Do you read reviews?
I’ve been trying not to, but oh no. Why? Because there are a few people that people have referenced and said…the most annoying one is Wes Anderson. Because… Yeah.
That was what I was going to ask.
I find that annoying because I actually think Wes Anderson is an amazing director, and I think he has such a clear vision. But my thing is that I love things to feel super real, but elevated and considered. But I really like things to feel real and authentic, and I don’t like overly designing things. And I think his thing is that he loves to design and to every detail is Wes Anderson-ified. And so just because it looks nice and it’s considered doesn’t mean that it’s Wes Anderson. And tracking shots. Hitchcock did tracking shots. Do you know what I mean? Spike Lee’s done tracking shots. It’s just like, ah. When people are like, “Oh yeah, it’s like Wes Anderson and Edgar Wright had a baby.” I’m like, “Oh my God. No, please.” But I do think those directors are amazing, and I think I will say that Wes Anderson, what I respect about him is that you look at one frame from Wes Anderson film, you’re like, “That is a Wes Anderson film.” But the same goes for a lot of brilliant directors.
Do you hope that in the years ahead, after you have a number of films on your slate, people look at your films and go, “That’s a Raine film?” That’s her.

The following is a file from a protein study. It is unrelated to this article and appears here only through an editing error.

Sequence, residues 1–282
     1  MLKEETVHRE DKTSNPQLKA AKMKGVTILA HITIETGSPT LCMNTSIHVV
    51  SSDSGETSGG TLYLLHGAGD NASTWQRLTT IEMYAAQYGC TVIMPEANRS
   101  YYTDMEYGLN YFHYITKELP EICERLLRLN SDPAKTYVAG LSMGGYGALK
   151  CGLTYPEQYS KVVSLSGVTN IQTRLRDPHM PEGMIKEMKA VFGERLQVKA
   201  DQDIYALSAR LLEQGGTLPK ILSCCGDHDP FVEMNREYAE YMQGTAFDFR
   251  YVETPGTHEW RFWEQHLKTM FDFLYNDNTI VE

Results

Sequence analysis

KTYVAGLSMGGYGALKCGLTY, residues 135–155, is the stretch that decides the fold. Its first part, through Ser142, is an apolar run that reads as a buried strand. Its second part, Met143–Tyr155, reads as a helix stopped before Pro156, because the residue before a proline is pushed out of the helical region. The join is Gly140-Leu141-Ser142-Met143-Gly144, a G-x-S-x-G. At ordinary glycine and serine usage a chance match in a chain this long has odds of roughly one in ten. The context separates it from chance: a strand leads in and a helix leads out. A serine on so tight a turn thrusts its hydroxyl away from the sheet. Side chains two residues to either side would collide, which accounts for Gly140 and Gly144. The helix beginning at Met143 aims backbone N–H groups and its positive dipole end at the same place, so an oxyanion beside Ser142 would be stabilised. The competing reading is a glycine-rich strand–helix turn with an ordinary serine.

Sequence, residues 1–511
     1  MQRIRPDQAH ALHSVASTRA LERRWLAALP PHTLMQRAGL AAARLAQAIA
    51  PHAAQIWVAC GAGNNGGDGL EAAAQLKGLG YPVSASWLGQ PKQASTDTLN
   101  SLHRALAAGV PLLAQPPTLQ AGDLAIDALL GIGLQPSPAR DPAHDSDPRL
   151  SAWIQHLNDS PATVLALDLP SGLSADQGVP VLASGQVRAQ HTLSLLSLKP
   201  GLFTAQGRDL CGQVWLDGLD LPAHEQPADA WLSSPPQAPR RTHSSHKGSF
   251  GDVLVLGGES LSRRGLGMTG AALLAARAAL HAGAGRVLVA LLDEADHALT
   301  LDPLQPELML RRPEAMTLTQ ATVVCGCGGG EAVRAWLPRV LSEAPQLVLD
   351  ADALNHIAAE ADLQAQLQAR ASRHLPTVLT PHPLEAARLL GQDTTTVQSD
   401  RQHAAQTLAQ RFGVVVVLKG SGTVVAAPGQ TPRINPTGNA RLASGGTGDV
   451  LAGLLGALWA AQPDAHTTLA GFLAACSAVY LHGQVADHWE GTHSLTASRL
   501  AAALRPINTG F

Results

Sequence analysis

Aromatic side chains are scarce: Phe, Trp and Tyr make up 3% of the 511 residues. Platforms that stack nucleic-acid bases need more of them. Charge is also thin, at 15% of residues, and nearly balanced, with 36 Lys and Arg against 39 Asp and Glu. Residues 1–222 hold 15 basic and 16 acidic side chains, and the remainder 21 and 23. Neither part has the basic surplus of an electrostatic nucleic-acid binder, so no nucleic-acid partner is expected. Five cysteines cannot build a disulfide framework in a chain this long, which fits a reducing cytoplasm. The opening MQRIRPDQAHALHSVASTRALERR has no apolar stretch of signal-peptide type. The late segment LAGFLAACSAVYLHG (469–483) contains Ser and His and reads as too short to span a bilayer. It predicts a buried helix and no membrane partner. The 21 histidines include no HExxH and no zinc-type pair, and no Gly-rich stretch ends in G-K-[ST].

I think if people think they’re good, then yeah, that would be great. If it’s like, “Oh, wow, that looks like a Raine film for a good reason.” Then yes, that would be great. But what does that actually mean, I guess? I think it would be nice. It’s a compliment.
It’s a compliment.
It means that it’s unique and it means that it’s a thing that I have, but I don’t know. It would be nice, but it’s also a little bit egotistical maybe if I’m like, “One day people are going to look and go, that’s a Raine film.” I do have quite a specific idea of how I like things to look and to feel. So maybe that is a good thing. I’m not sure.
Also, the comparisons could be because there is an energy to this film that I think is very similar to their energies, which isn’t just a visual thing. That might be what critics are picking up on.
Yeah, I think Edgar Wright’s pacing is amazing. His early films, I don’t love his later films, but oh my god, “Shaun of the Dead,” what an incredibly directed film. He’s a brilliant director. But I just think there are so many directors out there that I think are amazing, and it’s just quite easy to say that I’m like him or somebody that visual and funny…I think there’s not that much out there of visual and funny combined. So it’s kind of like naturally you’re going to go, “O.K., Edgar Wright, or Wes Anderson.” I’d much prefer someone to say, Spike Lee or Quentin Tarantino. They’re people that I’ve properly nerded out on their films.
“Rye Lane” debuts on Hulu on March 31.

Disclaimer: This story is auto-aggregated by a computer program and has not been created or edited by filmibee.